Yea quits after 21% valuations slump

Philip Yea, the former Investcorp chief widely credited with revitalising 3i after the Brian Larcombe years, announced that he was stepping down on the day that the global private equity firm revealed that its 50 largest investments had fallen by 21% in value, while another is in danger of breaching banking covenants.

Yea, who joined the firm in 2004, will be succeeded by Michael Queen, former managing partner of 3i’s infrastructure business. 3i’s last senior shuffle was in September of last year, when Julia Wilson succeeded Simon Ball as finance director.

Wilson said in 3i’s results for the three months to December 31 2008 that in view of the challenging economy and credit markets, the London-listed firm was publishing the valuation of its largest assets “to assist investors in understanding some of the implications for 3i”.

As a result, 3i said that there was an estimated 21% reduction in the value of its top 50 investments before foreign exchange gains, or about £682m. The top 50 accounted for some 61% of its £5.934bn portfolio value at September 30 2008, of which 45% were buyouts, compared with its total portfolio, of which buyouts had a 35% share.

VNU Business Media, the Dutch media business 3i acquired for €320m in 2006, has joined the list of private equity-backed buyouts currently in negotiations with lenders. Reports suggest that a debt-for-equity swap is a possibility unless 3i decides to inject further capital, but a spokesperson for 3i moved to quell concerns over VNU.

The company had not currently breached its covenants, said the spokesperson, was cash generative and profitable, with good margins, but it was a cyclical business and debt would have to be restructured due to the harsher economic climate. The spokesperson said that 3i was supportive of VNU Media, did not want to see it fail and was in ongoing negotiations with all stakeholders, including the possibility of putting more money in. Riverhill is advising 3i.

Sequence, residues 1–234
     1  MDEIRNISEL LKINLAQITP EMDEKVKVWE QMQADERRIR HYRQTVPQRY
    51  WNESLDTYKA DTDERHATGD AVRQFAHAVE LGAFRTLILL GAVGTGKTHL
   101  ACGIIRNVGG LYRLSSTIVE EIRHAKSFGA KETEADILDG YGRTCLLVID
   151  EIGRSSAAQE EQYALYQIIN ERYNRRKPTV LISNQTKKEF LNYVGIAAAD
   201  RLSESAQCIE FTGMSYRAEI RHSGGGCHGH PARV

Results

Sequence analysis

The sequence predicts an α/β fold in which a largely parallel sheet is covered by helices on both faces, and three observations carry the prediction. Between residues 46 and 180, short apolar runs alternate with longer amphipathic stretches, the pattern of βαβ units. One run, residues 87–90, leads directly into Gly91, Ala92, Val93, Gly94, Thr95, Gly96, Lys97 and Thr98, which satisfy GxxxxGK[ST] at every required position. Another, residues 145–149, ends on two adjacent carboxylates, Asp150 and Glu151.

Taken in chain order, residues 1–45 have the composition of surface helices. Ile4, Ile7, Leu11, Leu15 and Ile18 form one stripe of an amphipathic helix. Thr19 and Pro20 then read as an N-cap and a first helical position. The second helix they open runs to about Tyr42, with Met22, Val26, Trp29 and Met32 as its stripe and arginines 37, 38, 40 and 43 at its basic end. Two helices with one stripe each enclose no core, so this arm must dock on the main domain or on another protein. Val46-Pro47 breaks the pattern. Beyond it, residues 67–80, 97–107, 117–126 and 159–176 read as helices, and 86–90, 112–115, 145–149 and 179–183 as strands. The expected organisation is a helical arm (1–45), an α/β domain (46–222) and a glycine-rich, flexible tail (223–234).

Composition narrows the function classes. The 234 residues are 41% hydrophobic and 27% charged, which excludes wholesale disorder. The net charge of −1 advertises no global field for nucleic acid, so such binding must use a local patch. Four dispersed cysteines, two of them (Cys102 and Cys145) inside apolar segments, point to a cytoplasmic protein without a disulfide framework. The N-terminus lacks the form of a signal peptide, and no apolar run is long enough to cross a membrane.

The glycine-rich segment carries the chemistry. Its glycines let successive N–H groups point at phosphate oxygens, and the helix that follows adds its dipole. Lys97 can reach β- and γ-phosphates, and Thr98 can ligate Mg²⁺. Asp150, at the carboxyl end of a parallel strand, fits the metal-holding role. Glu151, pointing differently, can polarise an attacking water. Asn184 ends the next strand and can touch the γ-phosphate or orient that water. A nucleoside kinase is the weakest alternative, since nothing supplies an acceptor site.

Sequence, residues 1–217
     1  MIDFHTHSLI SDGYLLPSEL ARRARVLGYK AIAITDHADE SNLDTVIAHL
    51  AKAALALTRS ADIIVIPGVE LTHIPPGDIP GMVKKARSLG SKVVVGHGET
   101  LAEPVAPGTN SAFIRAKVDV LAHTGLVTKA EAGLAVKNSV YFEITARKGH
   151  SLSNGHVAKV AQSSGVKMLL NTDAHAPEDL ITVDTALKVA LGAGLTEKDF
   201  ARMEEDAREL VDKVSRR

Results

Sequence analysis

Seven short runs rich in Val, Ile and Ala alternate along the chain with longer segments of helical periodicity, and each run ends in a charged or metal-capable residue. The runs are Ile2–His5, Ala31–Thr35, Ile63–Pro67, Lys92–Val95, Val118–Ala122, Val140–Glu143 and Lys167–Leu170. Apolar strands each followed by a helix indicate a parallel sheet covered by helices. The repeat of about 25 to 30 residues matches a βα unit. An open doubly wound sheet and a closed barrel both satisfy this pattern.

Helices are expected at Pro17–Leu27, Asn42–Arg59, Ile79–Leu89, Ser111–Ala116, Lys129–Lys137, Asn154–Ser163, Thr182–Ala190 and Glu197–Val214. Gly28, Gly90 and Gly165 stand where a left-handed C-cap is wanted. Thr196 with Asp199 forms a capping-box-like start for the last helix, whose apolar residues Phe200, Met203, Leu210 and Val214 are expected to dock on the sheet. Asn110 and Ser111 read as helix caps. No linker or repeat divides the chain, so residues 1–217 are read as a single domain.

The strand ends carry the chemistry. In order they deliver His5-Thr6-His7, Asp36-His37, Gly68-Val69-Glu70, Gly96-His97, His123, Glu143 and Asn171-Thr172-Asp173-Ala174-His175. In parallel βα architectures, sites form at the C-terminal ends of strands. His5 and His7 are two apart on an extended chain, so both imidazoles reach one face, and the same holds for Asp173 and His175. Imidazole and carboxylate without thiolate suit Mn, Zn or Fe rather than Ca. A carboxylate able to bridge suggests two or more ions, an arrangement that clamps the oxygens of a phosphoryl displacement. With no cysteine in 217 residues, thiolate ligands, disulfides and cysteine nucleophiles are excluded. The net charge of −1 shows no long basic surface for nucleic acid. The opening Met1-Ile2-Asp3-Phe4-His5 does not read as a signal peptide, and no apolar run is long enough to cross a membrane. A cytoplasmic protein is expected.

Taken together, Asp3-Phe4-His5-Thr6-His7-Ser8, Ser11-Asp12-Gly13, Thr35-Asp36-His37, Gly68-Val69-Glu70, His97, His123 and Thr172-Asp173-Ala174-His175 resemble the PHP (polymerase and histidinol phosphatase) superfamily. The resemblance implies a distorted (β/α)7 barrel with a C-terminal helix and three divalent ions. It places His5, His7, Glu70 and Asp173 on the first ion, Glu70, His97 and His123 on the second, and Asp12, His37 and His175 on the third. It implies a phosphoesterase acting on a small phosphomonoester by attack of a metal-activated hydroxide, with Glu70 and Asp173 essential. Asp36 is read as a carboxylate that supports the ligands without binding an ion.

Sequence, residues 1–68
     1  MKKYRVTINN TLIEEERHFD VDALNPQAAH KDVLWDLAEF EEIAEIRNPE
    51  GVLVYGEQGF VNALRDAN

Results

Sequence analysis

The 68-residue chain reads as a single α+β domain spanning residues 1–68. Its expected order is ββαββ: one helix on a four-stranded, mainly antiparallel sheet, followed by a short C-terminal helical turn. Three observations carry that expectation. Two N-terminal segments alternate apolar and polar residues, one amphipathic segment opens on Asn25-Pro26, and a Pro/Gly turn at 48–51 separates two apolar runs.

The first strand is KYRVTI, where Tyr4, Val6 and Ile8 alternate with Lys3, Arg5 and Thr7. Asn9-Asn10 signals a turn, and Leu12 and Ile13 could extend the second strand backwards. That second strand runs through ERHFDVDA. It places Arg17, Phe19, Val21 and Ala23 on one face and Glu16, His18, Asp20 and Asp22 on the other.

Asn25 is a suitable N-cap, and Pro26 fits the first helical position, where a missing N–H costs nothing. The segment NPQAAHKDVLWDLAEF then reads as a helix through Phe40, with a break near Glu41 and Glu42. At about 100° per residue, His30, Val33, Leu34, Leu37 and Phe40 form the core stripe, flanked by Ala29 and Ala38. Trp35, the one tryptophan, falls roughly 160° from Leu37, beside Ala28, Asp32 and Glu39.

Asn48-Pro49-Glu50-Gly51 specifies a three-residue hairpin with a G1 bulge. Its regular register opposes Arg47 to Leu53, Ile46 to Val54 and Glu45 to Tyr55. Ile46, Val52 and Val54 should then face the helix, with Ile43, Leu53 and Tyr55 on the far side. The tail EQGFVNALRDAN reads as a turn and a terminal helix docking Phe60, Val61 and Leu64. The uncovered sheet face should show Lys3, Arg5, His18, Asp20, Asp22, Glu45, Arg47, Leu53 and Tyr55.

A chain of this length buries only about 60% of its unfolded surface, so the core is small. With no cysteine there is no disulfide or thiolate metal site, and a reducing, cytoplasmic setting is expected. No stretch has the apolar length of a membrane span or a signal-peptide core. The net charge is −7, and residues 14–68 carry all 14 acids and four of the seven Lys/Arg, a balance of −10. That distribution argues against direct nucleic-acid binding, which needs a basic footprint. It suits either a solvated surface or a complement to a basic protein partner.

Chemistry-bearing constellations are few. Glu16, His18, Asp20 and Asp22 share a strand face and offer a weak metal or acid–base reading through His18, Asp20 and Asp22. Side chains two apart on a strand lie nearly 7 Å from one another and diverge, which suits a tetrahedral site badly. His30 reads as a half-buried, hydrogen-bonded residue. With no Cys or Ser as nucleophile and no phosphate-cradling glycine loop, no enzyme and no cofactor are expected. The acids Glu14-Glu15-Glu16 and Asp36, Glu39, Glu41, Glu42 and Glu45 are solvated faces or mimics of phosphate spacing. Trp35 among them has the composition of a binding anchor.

3i’s trading statements show that VNU Media had a valuation of £61m last May, against a residual cost of £51m, but it seems to have fallen in value by November to less than £32m, the lowest valuation in 3i’s list of top 50 investments, in which it no longer appears.

In Paris, 3i is understood to have laid off two partners, Jérôme Girszyn and Laurent Savinelli, as part of a strategic plan announced in December to cut staff globally by about 15%, a reduction in headcount of about 100 jobs. The Paris office is headed by Bruno Deschamps and has five other partners.

Yea was announced as Larcombe’s successor in May 2004, shortly after turning down a chief executive role at British Land, a position that eventually went to Stephen Hester, who now heads Royal Bank of Scotland. Yea had been finance director of drinks group Diageo until 1999, when he joined Bahrain-based Investcorp as a managing director in its private equity unit.

Reports at the time suggested that Yea, the first 3i chief to be recruited externally, had seen off competition from then-finance director Queen, as well as growth capital head Chris Rowlands and buyouts head Jonathan Russell.

Yea’s arrival at 3i in 2004 saw a reorganisation of the firm’s business lines and a more competitive approach to staff compensation, helping stem the haemorrhaging of staff (such as the founders of Exponent Private Equity) and shake off its moniker as the university of venture capital. At the Treasury Select Committee meetings in summer 2007, Yea was one of the few private equity executives to emerge with any credit, even referred to by hostile MPs as “one of the good guys”.

In its current results, 3i announced that it had invested £173m in the three months to December 31 2008, with buyouts accounting for £148m, along with £11m in growth capital and £14m in venture capital. The total for the nine months to December 31 2008 was £841m, less than half the £1.778bn deployed in the same period of 2007. Some £325m was invested in the reporting quarter on behalf of co-investment funds managed by 3i.

Exits fared only slightly better, with realisation proceeds of £942m for the nine months to December 31 2008, including £345m in the reporting period, down from 2007’s tally of £1.473bn. Buyouts reaped the largest returns, accounting for £162m, compared with £90m from growth capital and £47m from infrastructure, with the venture portfolio and small and medium investment portfolio accounting for £40m and £6m respectively. Net debt was £2.1bn.